This price surge could make Blue voters see Red in California
In San Diego, gasoline prices have jumped 17¢ in four days to an average
price of $4.34 a gallon for regular unleaded, and they could climb another
40¢ by Monday, breaking San Diego's all-time record high.
Meanwhile, the cost of crude oil has stayed flat. Domestic crude prices have
actually dropped by slightly since Monday.
There are excuses for what's happening now, but few good reasons.
Prices at the wholesale level have gone up by 75¢ a gallon since
Monday. Major retailers, like CostCo, and many other independents
are unable to buy fuel or are refusing to pay the outrageous prices
Adding fuel to the fire, the cost of domestic oil has dropped by
about 20¢ a gallon since Monday. So oil prices are flat, but gas
prices are increasing at record levels.
Normally, gas prices begin a steady decline at this time of year
because refiners are required to switch over to the Winter Fuel
Blend mandated by CARB, the California Air Resources Board.
What's more, a refinery can actually get 6% more gasoline out of a
barrel of oil for the winter blend. At this time, there is plenty
of gasoline to go around, but it is winter blend gas which can't
legally be sold without violating CARB pollution rules.
Supplies of summer blend, the only blend that can be sold right
now are miniscule because of the fire earlier this summer at a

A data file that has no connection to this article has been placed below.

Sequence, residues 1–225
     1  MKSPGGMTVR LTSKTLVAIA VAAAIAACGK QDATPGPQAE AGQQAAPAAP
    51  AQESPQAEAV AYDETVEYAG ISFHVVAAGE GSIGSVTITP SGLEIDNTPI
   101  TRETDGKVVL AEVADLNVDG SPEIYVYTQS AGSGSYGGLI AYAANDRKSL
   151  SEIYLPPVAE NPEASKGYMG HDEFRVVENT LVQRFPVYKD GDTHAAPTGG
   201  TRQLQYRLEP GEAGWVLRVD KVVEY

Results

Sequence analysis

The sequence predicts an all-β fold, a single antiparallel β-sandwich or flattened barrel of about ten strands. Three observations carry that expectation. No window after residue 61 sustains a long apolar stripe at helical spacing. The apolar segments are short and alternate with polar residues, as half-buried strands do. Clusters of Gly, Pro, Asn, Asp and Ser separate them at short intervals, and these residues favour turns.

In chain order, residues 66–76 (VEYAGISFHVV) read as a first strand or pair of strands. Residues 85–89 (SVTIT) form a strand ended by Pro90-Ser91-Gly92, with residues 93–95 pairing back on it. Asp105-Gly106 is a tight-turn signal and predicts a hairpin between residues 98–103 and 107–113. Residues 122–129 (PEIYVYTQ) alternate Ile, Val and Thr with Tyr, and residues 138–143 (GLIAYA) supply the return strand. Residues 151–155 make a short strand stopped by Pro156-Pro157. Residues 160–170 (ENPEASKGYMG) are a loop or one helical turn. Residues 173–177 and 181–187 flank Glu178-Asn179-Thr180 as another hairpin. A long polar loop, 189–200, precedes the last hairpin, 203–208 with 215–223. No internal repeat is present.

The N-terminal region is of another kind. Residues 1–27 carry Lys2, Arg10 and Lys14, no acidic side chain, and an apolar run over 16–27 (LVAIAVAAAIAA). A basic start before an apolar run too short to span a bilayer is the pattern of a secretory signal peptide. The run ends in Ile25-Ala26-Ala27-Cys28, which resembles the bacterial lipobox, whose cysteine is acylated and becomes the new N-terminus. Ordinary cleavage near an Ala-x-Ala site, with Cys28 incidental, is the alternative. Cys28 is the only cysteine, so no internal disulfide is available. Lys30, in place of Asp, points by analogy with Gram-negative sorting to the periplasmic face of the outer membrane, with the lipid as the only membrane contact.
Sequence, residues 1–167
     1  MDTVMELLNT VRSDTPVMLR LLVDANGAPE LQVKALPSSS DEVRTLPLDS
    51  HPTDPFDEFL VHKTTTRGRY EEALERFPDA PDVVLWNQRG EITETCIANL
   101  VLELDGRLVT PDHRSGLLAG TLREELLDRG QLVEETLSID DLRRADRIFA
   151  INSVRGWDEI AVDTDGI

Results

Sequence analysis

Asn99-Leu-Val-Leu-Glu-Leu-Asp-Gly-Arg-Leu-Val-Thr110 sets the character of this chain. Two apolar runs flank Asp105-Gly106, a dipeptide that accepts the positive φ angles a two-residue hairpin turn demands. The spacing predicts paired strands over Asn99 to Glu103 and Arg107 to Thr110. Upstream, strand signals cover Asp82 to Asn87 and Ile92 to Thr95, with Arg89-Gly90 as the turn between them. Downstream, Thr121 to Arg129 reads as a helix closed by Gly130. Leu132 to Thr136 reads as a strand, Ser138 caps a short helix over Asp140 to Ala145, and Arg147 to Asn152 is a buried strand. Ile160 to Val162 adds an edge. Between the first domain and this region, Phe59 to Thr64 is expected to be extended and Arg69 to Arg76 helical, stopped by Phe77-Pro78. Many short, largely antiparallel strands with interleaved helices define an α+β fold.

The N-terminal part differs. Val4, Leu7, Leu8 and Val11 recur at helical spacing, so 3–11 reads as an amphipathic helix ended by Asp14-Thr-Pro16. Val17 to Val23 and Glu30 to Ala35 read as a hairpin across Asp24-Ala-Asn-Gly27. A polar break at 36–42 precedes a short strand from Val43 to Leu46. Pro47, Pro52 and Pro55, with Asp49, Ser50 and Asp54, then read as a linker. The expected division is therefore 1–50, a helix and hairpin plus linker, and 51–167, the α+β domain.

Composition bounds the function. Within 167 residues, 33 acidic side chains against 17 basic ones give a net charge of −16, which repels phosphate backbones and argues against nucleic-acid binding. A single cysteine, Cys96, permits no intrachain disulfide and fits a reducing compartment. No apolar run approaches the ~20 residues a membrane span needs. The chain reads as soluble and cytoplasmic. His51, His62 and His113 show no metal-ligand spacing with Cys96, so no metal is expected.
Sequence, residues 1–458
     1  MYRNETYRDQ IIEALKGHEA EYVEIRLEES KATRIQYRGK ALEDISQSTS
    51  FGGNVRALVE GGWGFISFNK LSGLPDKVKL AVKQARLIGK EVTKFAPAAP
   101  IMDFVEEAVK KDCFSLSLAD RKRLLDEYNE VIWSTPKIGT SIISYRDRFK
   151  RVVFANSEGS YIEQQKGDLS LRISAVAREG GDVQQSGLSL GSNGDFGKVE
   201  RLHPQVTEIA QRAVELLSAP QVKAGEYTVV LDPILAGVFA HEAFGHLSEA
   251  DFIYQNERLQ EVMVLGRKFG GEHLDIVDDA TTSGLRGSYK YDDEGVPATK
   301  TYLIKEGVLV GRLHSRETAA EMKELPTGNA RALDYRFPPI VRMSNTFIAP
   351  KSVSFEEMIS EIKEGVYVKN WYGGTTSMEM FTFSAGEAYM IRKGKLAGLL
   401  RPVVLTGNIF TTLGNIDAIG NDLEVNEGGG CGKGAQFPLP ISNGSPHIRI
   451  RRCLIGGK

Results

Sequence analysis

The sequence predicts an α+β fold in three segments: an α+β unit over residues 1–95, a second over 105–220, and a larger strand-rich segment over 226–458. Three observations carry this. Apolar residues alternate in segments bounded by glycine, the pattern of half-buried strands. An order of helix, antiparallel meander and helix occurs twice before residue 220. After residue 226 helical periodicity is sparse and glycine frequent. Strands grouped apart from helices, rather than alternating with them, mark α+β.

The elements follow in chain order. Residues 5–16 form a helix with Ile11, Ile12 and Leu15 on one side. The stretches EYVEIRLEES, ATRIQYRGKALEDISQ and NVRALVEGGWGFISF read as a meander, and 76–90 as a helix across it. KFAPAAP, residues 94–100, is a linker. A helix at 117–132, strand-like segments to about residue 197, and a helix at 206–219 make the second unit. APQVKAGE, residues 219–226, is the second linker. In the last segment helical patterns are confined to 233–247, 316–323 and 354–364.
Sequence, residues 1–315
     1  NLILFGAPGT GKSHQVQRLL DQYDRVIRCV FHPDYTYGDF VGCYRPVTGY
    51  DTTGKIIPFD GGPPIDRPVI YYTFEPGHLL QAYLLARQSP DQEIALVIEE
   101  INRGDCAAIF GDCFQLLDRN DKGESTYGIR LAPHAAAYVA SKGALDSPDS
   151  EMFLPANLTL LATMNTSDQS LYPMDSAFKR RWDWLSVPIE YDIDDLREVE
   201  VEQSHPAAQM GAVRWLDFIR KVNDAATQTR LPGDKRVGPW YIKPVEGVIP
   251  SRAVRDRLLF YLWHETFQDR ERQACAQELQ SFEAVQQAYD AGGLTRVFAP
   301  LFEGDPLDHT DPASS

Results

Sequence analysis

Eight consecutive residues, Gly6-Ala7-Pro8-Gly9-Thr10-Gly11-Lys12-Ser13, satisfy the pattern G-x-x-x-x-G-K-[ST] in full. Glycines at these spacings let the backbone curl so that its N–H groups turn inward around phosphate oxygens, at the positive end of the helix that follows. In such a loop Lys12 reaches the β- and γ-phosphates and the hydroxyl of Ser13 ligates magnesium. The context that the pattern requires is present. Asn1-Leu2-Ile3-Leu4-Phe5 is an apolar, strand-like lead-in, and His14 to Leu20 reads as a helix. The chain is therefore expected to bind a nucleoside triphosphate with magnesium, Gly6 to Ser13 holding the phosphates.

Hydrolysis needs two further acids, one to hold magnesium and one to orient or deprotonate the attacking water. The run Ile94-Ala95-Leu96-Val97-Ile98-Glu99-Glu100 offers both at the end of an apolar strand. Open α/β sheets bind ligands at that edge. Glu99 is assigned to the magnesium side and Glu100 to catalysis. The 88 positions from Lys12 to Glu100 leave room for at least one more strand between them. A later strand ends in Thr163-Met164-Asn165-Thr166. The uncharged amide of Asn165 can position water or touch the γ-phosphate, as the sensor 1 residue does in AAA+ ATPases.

Chevron's Richmond refinery on August 6. Richmond hasn't recovered
and is under-producing. Meanwhile, Exxon's Torrance refinery is still
flaring (i.e. burning) from an unplanned shutdown last week.
The result is a shortage of summer blendstock, which by law, can
not be replaced with the winter blend until October 31.
Bottom Line: Gas prices are going to scream up like adolescent girls
on a rollercoaster, and then they should scream down.
Finally, there is no excuse for this shortage. The refiners should have
seen it coming and many of them will make amazing profit margins on
gasoline as we move toward October 31 ... and the election.
It is noteworthy that the popularity of incumbent presidents almost
always tracks closely with gasoline prices. When gas prices are high,
the incumbent president's approval ratings drop, and for a state that
tends to vote blue, gasoline blues could make voters see red - especially
if gas prices break the all-time record high for San Diego of $4.64 a gallon
in June of 2008.
The players may change but the song remains the same.
This table shows presidential popularity compared to gas prices during
the Bush administration. It was part of a study conducted by UCAN for
an opinion that ran in the North County Times. You can read the original